« PreviousContinue »
Following the same design to secure enlarged activity and usefulness for the artillery arm, two additional artillery members have been appointed to the Board of Ordnance and Fortification under authority of the army appropriation act of March 2, 1901, and that important board now consists of three artillery officers, with the Lieutenant-General Commanding, the Chief of Engineers, the Chief of Ordnance, and one civilian. On the initiative of the Chief of Engineers an artillery officer has been added to the Board of Engineers, which is charged with consideration of plans of coast defense.
The system of details to the staff and supply departments which the act of February 2 substituted for permanent appointments has been commenced, and 31 officers are now satisfactorily performing their duties under such details, distributed as follows:
12 8 5 2 4
The two volunteer battalions in Porto Rico have been continued and reorganized as two battalions of the Porto Rico Provisional Regiment authorized by the act. It has not been deemed necessary to increase the number by the addition of a third battalion.
Twenty-seven of the 30 dental surgeons authorized by the act have been selected, after a very careful examination under the direction of the Surgeon-General. There still remain three vacancies.
The candidates for the positions as veterinarians, created by the act, are now undergoing examination.
A board consisting of all the general officers of the line of the Army now in the United States and the Chief of Artillery has been convened at Washington, and is now in session, to formulate and submit a project for the location, examinations, and surveys to be made for the permanent grounds provided for by section 35 of the act of February 2, 1901. This board is also charged with the duty of considering and reporting upon the location and distribution of military posts required for the proper accommodation, instruction, and training of the Army as organized under the act of February 2, not including coast fortifications, and is directed to make “recommendations in detail as to which of the existing posts should be retained or abandoned, and of
those retained which, if any, should be enlarged and to what extent, and the location, size, and character of such new posts as may be necessary, having due regard in all its recommendations to the proper distribution of the different arms of the service, based upon strategic, sanitary, and economical considerations."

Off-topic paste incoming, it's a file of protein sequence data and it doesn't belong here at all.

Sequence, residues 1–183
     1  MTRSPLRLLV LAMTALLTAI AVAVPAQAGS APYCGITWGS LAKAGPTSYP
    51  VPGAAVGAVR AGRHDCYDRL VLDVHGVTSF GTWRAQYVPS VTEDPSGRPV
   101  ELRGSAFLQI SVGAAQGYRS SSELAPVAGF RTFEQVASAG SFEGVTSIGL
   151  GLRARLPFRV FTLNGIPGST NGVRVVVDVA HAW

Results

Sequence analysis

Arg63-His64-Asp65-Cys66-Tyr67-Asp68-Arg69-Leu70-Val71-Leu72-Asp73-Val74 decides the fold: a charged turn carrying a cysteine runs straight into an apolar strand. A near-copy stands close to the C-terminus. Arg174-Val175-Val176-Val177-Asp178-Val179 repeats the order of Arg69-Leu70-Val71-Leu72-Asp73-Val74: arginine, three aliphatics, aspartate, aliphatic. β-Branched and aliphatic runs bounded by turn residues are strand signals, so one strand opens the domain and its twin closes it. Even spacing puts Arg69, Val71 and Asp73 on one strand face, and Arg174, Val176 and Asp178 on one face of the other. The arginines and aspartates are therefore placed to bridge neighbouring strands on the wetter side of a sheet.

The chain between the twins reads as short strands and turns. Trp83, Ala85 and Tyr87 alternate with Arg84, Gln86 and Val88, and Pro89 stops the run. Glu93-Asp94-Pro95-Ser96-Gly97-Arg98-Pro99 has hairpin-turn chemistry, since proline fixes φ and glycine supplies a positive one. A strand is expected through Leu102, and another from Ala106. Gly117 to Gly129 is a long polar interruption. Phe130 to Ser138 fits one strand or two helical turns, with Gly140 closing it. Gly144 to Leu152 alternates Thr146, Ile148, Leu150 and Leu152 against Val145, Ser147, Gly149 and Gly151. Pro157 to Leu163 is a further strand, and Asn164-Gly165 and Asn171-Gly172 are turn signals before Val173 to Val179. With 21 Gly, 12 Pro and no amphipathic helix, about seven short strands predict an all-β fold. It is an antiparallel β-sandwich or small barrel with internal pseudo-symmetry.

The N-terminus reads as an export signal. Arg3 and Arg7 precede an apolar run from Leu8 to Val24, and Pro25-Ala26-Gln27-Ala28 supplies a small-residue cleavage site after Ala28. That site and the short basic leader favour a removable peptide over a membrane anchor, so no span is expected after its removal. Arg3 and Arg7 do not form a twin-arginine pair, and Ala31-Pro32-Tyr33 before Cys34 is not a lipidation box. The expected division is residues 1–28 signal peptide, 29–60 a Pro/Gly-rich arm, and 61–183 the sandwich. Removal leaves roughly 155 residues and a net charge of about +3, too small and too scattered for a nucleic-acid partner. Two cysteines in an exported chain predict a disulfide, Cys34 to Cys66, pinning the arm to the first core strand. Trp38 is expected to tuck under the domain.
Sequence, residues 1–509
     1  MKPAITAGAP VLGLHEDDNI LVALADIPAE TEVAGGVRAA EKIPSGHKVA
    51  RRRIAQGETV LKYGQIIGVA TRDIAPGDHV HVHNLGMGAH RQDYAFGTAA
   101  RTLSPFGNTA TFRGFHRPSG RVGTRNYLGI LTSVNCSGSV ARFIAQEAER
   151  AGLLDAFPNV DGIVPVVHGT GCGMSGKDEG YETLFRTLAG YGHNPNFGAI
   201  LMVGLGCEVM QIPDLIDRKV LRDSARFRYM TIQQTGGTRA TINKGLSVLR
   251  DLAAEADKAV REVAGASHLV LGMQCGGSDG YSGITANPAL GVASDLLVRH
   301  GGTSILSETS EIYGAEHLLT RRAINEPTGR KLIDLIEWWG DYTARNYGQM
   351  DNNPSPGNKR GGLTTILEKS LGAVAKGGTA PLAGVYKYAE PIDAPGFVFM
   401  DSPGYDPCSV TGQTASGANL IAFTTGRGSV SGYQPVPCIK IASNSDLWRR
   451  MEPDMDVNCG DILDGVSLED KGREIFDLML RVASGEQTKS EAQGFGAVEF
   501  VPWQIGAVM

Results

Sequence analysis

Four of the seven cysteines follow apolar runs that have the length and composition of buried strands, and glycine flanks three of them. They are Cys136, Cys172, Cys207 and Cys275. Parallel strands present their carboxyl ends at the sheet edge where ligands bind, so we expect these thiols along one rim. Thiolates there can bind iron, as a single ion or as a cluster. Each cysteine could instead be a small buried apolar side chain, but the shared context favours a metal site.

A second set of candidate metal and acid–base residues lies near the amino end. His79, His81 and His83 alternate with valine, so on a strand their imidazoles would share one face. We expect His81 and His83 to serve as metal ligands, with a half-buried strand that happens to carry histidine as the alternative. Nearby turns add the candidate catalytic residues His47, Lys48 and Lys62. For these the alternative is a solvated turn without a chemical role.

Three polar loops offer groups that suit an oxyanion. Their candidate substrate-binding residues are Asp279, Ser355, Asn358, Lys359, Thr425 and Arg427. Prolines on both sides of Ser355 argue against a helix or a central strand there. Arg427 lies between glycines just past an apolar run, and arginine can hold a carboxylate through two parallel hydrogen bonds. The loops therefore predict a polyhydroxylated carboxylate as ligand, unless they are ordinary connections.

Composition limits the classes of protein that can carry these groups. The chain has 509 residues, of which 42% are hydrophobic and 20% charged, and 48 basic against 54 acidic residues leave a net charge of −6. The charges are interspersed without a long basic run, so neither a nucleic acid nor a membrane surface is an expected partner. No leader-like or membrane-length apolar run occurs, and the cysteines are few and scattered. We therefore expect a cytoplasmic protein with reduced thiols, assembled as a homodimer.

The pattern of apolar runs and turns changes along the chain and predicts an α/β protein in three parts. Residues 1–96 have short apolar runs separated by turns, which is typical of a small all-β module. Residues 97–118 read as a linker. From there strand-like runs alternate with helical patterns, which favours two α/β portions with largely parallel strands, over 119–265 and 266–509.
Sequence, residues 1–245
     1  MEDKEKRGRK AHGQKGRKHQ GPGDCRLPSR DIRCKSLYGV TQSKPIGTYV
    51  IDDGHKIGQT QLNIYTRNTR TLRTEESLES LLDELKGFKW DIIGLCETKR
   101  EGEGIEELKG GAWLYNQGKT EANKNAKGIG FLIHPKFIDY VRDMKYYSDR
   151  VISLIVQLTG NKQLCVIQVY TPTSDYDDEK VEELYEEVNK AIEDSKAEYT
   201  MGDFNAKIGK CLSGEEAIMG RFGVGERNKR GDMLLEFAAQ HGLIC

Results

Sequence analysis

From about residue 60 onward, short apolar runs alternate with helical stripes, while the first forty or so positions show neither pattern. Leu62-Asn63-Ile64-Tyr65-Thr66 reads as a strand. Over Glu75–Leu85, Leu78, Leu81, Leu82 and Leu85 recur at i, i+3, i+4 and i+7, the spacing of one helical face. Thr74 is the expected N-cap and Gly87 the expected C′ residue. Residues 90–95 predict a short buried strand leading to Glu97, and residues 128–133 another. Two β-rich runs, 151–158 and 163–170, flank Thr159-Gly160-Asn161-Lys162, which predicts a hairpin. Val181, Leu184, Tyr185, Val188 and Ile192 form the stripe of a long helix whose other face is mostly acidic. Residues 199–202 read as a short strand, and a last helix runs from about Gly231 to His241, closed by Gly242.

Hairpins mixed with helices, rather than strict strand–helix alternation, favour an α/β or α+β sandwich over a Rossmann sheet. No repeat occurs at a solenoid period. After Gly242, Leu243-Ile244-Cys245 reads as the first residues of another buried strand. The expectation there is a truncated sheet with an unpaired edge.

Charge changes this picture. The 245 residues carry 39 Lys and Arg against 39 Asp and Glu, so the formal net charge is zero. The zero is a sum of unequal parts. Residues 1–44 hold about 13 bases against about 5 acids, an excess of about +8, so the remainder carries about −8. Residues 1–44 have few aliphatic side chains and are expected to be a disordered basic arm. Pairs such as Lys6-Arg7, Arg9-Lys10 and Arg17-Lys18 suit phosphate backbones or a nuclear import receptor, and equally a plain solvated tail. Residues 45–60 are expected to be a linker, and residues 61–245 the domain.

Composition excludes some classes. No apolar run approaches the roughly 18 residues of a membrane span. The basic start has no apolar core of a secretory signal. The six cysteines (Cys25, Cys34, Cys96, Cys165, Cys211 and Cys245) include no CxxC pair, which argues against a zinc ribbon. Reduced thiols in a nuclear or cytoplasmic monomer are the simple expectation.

The provisions of section 38 of the act of February 2, 1901, prohibiting the sale of or dealing in beer, wine, or any intoxicating liquors by any person in any post exchange, or canteen, or army transport, or upon any premises used for military purposes by the United States, have been carried into full force and effect, pursuant to the directions of the statute.
When the orders were issued for the enforcement of this section of the law, the commanding officers of the various posts and military organizations were directed to report upon its effects. A great body of reports has been received, which indicate that the effect of the law is unfortunate. I think, however, that a sufficient time has not elapsed to give the law a fair trial, and the observation and report of its working will be continued during the ensuing year.
COMFORT AND HEALTH.
The reports show that the food and clothing furnished to the Army during the year have been satisfactory, that the health of our troops has been good and the death rate low. The death rate per thousand of troops in the United States during the past year was 10.14; in Cuba, 9.72; in Porto Rico, 7.90, and among the the troops serving in the Philippines and China it was reduced from 19.31 during the previous year to 16.76 during the past year. This covered periods of very active service in the field by considerable portions of the force in the Philippines, and will doubtless be much further reduced as the troops come to be stationed in more permanent quarters. In the opinion of the Medical Department, when permanent arrangements have been made and proper sanitary regulations can be enforced, the health of the troops stationed in the Tropics will be quite as good as if stationed in our own Gulf States.